Haverland: We anticipate several new species in phase 1 of the new zoo, including our plans to house gelada monkeys, an incredible species of large baboon-like monkey that lives in the Ethiopian Highlands. We would be one of three zoological parks in the country to house them. We’ve already welcomed a white rhinoceros to the zoo, the first in Sac Zoo history. At the new zoo we plan to house an entire crash of rhinos in an expansive habitat. 

 

I know that the Sac Zoo has a smaller vet office on-site to take care of smaller injuries or diagnosis but sometimes animals need some bigger help, which is usually received from the veterinarians working at UC Davis. When the move is completed, will animals still receive care from UC Davis or is there another university the animals would receive care from? 

 

Haverland: At the Sac Zoo, we have two UC Davis veterinarians on staff full time. All of our animals receive exams annually or every other year depending on species. We are able to handle nearly every kind of treatment or procedure at our current hospital with the exception of certain major instances like when animals are in need of a CT scan, or an incredibly in-depth procedure… 

 

We are so fortunate to have a strong, long-standing relationship with UC Davis and are grateful that we are able to have veterinary specialists come to our veterinary facility when necessary, but are also able to take animals to UC Davis when necessary and feasible.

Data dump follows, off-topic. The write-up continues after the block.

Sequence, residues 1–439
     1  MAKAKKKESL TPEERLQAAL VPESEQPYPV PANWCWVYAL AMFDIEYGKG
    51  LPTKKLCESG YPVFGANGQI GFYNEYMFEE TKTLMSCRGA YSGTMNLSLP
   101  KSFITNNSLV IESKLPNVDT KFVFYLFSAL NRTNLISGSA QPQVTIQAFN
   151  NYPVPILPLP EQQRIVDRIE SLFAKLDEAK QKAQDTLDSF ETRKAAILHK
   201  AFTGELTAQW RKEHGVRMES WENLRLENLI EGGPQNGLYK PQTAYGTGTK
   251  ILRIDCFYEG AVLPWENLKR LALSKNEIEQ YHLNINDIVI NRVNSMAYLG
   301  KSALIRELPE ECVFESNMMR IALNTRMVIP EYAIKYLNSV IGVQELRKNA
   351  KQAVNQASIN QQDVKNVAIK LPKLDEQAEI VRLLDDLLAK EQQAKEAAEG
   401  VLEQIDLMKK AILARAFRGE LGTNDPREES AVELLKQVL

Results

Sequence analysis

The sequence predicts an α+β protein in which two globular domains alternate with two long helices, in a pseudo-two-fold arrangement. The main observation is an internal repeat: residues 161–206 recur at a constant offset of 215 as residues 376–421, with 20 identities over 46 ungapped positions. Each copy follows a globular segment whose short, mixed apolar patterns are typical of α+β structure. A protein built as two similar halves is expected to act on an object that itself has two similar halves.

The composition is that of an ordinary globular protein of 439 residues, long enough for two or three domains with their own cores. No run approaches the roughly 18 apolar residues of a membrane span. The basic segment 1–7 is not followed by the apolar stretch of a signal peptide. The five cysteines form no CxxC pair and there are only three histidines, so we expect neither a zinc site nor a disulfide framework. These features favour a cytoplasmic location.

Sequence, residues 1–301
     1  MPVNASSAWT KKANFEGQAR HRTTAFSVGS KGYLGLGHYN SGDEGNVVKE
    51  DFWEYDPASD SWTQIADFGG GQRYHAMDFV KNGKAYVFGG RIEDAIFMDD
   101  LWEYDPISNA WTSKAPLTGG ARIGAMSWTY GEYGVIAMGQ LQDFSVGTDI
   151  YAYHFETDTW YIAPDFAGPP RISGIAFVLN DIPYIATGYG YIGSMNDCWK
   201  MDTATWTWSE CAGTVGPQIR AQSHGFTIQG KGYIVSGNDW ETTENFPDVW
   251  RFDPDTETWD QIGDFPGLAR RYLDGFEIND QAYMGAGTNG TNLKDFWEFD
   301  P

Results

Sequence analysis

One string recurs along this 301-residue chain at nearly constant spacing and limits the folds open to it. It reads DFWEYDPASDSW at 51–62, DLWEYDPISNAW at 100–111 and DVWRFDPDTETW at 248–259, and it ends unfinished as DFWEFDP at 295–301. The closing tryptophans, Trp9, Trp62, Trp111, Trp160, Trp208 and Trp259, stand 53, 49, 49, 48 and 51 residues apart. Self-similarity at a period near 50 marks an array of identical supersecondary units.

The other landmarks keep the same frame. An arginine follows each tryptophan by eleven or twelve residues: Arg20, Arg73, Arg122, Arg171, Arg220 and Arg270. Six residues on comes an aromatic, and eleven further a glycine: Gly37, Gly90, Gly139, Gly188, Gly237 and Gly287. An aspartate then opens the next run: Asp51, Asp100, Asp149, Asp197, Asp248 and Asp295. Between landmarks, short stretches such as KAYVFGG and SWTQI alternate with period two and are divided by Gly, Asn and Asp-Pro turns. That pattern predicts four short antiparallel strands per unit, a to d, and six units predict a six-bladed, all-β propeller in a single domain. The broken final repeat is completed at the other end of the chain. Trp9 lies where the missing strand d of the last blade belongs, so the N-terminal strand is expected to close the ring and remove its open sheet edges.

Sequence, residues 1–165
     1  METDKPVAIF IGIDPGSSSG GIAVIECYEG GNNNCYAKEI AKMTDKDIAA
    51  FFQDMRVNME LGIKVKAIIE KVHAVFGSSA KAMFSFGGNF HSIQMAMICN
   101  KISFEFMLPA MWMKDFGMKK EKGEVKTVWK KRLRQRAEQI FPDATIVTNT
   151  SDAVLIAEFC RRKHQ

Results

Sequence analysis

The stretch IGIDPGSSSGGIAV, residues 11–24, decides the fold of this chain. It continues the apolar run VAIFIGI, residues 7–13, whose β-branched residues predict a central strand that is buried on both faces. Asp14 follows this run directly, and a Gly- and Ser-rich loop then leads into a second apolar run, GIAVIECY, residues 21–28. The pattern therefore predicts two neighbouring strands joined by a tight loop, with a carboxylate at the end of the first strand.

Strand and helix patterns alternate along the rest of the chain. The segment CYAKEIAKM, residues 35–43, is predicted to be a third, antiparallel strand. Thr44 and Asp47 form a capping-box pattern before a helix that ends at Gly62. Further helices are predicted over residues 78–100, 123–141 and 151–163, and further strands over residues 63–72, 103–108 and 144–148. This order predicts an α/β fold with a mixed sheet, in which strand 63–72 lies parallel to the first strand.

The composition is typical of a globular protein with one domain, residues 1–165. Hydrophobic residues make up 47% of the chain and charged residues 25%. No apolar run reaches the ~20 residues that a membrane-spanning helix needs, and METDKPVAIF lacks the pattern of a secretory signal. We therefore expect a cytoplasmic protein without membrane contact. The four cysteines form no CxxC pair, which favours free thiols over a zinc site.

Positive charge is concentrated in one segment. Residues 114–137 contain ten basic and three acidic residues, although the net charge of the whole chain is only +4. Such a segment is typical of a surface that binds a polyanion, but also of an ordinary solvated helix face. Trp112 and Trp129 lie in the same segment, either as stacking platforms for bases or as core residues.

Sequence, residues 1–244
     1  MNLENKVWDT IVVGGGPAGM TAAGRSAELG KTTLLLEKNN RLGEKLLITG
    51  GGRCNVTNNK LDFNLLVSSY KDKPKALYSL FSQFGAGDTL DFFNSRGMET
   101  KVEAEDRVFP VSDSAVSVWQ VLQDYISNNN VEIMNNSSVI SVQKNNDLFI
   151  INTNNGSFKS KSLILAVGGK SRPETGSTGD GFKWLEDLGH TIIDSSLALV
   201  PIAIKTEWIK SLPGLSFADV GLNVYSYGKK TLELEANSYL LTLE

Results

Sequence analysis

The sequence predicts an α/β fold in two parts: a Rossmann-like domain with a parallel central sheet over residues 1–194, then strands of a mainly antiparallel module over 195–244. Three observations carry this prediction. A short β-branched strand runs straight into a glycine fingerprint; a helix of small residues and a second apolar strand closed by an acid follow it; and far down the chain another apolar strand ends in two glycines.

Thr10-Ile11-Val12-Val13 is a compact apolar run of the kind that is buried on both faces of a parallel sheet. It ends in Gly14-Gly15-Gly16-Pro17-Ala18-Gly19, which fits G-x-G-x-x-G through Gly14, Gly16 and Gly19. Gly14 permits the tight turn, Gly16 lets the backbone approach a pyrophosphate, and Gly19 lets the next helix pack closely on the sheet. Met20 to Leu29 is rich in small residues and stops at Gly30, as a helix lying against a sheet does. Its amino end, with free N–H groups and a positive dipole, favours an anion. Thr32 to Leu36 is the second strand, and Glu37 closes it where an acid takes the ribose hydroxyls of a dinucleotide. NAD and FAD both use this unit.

How successful are zoo events at bringing in business and the community? 

 

Haverland: We host a plethora of events at the Zoo with our partners SSA [Service Systems Associates]. The community especially loves our overnight camping and 21+ happy hour events. We also can accommodate weddings, birthdays, corporate events, etc. The new zoo has many more event lawns and spaces in the conceptual master plan. 

 

How was the Sac Zoo able to acquire the equipment for the Unextinct event? Was there someone who reached out to the zoo or was it a zoo worker that was interested in bringing the experience here? 

 

A team of specialists from Mangolin Creative worked alongside SSA to put on the event run here, we were the host facility. Mangolin Creative is part of our design team for the new zoo plans.

  

Murals featured at the Unextinct event, a community event which featured holograms of extinct animals all around the park, on February 10, 2024.

 

What events at the zoo do you think are most successful in bringing the community together?

 

Haverland: The happy hour events have a lot of fun intermingling of guests, and everyone has a great time. We have three coming up on specific dates in April, May and June.   

 

To learn more about the Sac Zoo and to buy tickets, visit www.saczoo.org/

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About the Contributors
Alexis Hensley, Staff Writer
She is interested in writing articles about new dishes at fun restaurants or concerts at local venues. Alexis is determined to become a journalist from her love of writing.
Nick Shockey, Photo Editor
Nick’s passion for documentary-style photography grew out of the pages of his childhood National Geographic subscription. In his early thirties, this interest then fueled his passion for urban photography in Sacramento.